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Contrived Coincidence / Live-Action Films

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Contrived Coincidences in live-action movies.

  • The Adventures of Rocky & Bullwinkle lampshades this repeatedly.
    Boris: If only we had a helicopter.
    Narrator: But since they were in the middle of the desert, there was obviously no chance whatsoever of finding a helicopter.
    Natasha: (gasps) Boris, look!
    (cut to a helicopter parked at what can only be described as a chopper pilot rest stop)
    Narrator: Oh, damn. Never mind.
    • He later remarks that Karen Sympathy running into Rocky and Bullwinkle (literally) after having been separated from them is "a beautiful, if impossibly coincidental, reunion".
  • The Assignment (1997): Annibal just happens to be identical with one of the most notorious terrorists in the world, arrested after being mistaken for him then recruited by the CIA. On top of that, he's also Latin American and even has the same last name, Ramirez.
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  • In Back to the Future, the day Doc invents time travel just happens to be the same day that Marty's parents meet. Lampshaded by Doc in Back to the Future Part II:
    Doc: It could mean that that point in time inherently contains some sort of cosmic significance, almost as if it were the temporal junction point of the entire space-time continuum. On the other hand, it could just be an amazing coincidence.
  • Batman v Superman: Dawn of Justice: Batman promises to save Martha Kent, who only has about 10 minutes left to live. Luckily for him, Alfred has just managed to trace her kidnapper's phone, and that said kidnapper is currently in the same room as Martha instead of just leaving his army of goons to watch over her. And they're located in a warehouse just a few blocks away instead of on the other side of the world.
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  • How two twelve-foot hyper-aggressive Great White Sharks both ended up in the same flooded convenience store in Bait 3D is anyone's guess.
  • Lampshaded in a Reality Is Unrealistic context in The Big Short, which is based on true stories.
    • Mark Baum's hedge fund team finds out about the incoming 2007 financial crisis, and thereby are able to successfully plan ahead for and profit from it, because of a single misplaced phone call.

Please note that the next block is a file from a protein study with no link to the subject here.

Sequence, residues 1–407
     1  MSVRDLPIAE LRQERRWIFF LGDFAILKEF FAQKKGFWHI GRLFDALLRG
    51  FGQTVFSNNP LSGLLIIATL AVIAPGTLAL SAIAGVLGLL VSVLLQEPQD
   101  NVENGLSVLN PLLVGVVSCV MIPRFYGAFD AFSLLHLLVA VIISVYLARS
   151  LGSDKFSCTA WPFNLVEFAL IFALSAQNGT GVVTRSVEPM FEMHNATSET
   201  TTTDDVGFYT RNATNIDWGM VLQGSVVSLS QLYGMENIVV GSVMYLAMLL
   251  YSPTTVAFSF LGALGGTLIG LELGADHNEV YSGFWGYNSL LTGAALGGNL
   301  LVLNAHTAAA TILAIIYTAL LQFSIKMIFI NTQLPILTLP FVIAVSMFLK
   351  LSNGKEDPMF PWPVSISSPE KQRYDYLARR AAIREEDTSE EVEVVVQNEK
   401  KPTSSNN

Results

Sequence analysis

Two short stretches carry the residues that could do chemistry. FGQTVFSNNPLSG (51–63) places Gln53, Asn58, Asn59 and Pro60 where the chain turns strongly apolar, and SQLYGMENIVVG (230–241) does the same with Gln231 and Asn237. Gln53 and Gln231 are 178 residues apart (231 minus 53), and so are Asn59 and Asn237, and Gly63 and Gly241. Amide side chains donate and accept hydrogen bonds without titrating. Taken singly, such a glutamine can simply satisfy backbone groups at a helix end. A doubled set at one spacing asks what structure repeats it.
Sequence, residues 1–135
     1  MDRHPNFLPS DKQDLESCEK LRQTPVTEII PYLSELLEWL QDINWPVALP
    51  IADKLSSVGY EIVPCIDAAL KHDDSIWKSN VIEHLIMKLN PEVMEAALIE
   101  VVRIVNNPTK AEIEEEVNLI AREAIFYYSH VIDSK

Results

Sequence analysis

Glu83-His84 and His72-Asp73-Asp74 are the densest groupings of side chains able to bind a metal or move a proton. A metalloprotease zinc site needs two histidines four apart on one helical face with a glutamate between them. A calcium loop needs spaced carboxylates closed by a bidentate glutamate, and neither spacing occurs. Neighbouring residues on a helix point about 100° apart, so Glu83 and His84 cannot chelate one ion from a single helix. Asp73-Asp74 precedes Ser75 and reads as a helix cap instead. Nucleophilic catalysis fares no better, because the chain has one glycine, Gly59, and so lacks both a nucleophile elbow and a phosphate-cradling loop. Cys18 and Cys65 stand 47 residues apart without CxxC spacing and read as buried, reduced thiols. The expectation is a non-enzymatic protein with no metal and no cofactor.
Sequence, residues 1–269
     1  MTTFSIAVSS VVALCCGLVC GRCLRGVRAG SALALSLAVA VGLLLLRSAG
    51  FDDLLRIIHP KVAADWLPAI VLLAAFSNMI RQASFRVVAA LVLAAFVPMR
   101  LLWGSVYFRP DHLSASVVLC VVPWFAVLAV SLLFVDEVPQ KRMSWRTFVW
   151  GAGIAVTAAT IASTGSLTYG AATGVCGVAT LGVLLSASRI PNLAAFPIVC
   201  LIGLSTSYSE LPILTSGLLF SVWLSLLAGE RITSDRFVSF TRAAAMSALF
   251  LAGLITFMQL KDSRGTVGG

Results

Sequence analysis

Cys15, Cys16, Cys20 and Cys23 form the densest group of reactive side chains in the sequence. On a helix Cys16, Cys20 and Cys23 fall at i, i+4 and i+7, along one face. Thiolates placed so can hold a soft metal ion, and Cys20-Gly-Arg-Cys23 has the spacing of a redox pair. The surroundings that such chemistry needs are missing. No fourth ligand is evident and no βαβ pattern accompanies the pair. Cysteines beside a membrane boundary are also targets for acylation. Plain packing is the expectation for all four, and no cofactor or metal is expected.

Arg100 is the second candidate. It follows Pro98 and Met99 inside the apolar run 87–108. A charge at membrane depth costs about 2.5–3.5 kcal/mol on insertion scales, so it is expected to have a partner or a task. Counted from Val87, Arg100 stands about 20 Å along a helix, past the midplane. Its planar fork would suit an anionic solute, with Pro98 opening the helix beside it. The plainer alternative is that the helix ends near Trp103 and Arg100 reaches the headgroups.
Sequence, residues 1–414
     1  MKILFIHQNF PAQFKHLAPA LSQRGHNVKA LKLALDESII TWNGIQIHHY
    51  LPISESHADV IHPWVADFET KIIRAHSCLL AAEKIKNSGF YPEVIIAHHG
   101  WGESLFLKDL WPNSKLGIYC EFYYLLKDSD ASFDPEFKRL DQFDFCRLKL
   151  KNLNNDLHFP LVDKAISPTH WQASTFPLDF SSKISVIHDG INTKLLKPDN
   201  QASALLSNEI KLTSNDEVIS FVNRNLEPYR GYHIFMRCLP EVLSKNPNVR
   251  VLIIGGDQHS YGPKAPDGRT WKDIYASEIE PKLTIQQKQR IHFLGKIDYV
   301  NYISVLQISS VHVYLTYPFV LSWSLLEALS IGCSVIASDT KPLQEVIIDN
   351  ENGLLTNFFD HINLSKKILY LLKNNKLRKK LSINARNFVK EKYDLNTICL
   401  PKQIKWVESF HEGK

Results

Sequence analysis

• Charlie and Jamie are able to profit from the crisis as well due to living right next door to Ben Rickert, a former securities trader who loans them his credit and a lot of financial advice.
    • Subverted in another instance. Charlie and Jamie find a copy of Vennett's pitch to short the housing market in the lobby of a bank office. Then they break the fourth wall to explain this didn't actually happen — in Real Life, they found out about the short in a roundabout way.
  • The Book of Henry:
    • The first time Henry enters a gun shop, he overhears how to purchase a weapon illegally.
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    • Frank always commits his abuse of Christina in the same room, with the window open, while Henry or Christina are awake to see him do it, while never noticing them.
    • The second half of the film relies on The Tape Knew You Would Say That to a massively absurd degree, to the point that Henry's pre-recorded messages are able to perfectly predict when his mother is hesitating or has a question or took a wrong turn on the street.
  • How Kelly discovers the terrorist plot in Bradley's Summer. One of them contacts her on AOL Instant Messenger by flubbing the intended screenname, accidentally contacting "Radio 549" (who is Kelly) instead of "Radio249" (who is the terrorist's accomplice). Furthermore, said terrorist happens to be the one who plans to blow up the house the main character is staying at.
  • Brooklyn's Finest has its climax as one of these when all three cops end up in the same area as each other for different reasons. It's still done well, though.
  • In Borat, the titular character falls for Pam Anderson at first sight, but doesn't wish to cheat on his wife. A few hours later, Borat receives a letter telling that his wife is dead. High five!
  • Tokusatsu action film Casshern runs on this in almost every single scene, with the broken lightning bolt from a giant mountaintop statue accidentally landing in a scientist's mystical Neo-Cell soup and reanimating a bunch of dismembered body parts into the badass Shinzo-Ningen...who then just happen to stumble during their escape into the funeral of the scientist's dead war-hero son and kidnap his mother and then just happen to find a giant war factory in the middle of nowhere with an army of robots for them to use...while the scientist resurrects his dead son whose expanded musculature can only be contained by a super-suit coincidentally designed by the scientist dad of his girlfriend... and that's only the beginning! The only excuse this movie has for any of it is its stylized weirdness and the epic, Gotterdammerung-esque tone that hints that, though not explicitly stated, literal Deus ex Machina may be involved. After all, that was a convenient lightning bolt.
  • Quite a bit of it goes down in Crash, most conspicuously the car crash scene with the cop and the woman he had molested earlier.
  • In Crime Doctor, Joe and Nick just happen to end up in the same nightclub as Robert and Grace, and recognise Robert as Phil Morgan. Emilio's presence is justified as he has been tailing Robert. However, this event bring all three members of the gang currently at large back together.
  • In The Dark Knight Rises, Batman just happens to show up when Selina Kyle is being cornered by Bane's men and upon returning to Gotham, it seems Bruce is very quick to locate Selina. It's a Small World After All.